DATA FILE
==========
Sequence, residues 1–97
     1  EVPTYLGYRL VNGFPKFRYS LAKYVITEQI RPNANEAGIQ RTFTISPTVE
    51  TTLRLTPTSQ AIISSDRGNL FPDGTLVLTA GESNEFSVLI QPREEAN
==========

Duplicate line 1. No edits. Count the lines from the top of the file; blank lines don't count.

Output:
Sequence, residues 1–97